declares that he would welcome any assist
ance from LSrd Randolph tending to the es
tablishment of unity.
Bad Hlood Over aa Honor to Parnell.
London, April 3. A turbulent meeting
ot the Edinburgh council was held yester
day on the question of conferring the free
dom of the city upon Parnell. A division
was finally taken, resulting in the passage of
a resolution offering the freedom of Edin
burgh to the Irish leader by a vote of 14 to
13. Upon the announcement of tbe vote the
lord provost declared that the minority
would not assist in what they considered
would be an injury to the city, and, further
more, that no man ot honor would accept
the freedom of a city thus given.
Edinburgh, April 84. Three popular
meetings were held here Monday, at each oi
which a resolution was passed protesting
against the presentation of the freedom of
the city to Parnell.
Salisbury Points m Paragraph.
London, April 24. Lord Salisbury, in a
speech at Bristol last uiirht said that the
government had not added to the cost of
England's defense without serious reflection.
In the event of variance with European
countries an enemy might come from the
coast line anywhere between Schleswig and
France, It was a grave thing, be said, for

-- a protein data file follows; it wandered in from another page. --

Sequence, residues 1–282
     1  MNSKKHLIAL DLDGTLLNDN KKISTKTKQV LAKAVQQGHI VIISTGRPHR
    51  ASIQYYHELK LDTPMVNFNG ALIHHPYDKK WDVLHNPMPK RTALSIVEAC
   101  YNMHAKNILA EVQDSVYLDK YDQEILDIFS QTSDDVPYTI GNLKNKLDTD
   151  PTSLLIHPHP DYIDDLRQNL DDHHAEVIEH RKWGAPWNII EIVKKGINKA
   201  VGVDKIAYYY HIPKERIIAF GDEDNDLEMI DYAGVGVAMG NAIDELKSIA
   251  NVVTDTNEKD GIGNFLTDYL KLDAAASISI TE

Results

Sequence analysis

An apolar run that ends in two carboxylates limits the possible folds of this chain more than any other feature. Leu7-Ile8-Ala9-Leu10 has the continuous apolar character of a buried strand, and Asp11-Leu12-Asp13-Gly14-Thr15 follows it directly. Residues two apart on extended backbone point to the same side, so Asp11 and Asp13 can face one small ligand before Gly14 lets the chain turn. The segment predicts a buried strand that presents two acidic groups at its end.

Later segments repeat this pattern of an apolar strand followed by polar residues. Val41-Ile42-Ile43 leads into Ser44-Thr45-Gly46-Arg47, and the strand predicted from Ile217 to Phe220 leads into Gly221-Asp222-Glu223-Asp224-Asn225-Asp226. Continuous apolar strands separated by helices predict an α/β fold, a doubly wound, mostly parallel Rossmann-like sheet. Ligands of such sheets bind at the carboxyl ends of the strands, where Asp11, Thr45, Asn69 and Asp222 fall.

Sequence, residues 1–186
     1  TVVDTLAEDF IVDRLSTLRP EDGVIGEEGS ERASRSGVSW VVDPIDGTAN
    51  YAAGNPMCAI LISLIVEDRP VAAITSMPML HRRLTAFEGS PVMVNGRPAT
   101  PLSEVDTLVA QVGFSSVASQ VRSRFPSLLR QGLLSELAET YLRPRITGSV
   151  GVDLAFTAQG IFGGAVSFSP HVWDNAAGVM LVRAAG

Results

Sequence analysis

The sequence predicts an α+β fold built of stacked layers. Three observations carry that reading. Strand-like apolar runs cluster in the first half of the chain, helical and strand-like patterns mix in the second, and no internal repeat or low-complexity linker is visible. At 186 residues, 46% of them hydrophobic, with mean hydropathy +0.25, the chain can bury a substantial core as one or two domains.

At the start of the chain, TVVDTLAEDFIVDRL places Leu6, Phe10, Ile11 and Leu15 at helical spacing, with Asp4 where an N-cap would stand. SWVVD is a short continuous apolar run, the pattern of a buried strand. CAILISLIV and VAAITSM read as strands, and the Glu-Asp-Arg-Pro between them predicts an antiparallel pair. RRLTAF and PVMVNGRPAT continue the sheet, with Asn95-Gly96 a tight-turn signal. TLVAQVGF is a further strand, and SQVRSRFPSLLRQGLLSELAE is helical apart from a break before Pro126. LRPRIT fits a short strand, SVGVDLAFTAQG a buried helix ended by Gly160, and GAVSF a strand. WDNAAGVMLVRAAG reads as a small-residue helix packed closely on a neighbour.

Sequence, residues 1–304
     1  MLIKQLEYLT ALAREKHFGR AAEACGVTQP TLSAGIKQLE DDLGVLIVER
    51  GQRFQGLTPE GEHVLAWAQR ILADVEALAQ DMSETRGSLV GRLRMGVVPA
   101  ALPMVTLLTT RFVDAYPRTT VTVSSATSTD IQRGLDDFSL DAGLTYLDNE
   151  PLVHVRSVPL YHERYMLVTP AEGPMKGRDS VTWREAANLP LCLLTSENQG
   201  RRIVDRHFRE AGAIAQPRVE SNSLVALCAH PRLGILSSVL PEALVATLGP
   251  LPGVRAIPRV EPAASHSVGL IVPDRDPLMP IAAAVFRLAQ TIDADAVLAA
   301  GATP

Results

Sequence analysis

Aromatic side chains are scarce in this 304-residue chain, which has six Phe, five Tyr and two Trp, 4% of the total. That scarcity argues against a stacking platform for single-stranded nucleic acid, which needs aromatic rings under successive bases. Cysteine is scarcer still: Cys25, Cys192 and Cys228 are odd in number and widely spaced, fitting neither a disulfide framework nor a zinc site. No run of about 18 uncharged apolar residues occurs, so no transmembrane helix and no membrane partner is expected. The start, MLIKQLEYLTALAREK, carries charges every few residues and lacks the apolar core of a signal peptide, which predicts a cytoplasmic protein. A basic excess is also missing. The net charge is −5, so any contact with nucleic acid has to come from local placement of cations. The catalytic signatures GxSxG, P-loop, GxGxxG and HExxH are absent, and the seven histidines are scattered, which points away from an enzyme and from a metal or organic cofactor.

any man to propose to add the coast line of
Ireland to England's r
O - "jvuuwvj vs. m7"
tense by giving Ireland independence.
Reformers In Conference.
Pittsburg, April 84. Tbe national con
ference on the Christian principles of civil
government met in this city yesterday after
noon. The meeting was largely attended by
delegates from various parts of the country.
Tbe opening session was occupied in organis
ation. Last evening Professor Littenhouse,
D. D., read a paper on "Popular Objections
to National Reform;" Twenty-five Years of
the National Beform Movement" was talked
about by Rev. T. D. Stevenson, of Philadel
phia, and Dr. L N. Hayes spoke on the
"Bearing of the National Reform Movement
on Spiritual Life."
Asa Matthews to Buooeed Durham.
Washiroton Crrr. Anril 24. The Star
says: Friends of ex-Representative John R
1 nomas were ratbar gloomy yesterday. It
has been practically settled that Asa Mat-
inews, Bpeaaer oi tne Illinois legislature, will
nu Juage uurnam's place as first comp
troller, and thin ha for utmM tinm l-un m.
garded aa a sure thing for -Thomas. This
iauure arops nun aown another peg, and at
tne Dest ne can only secure an auditorship.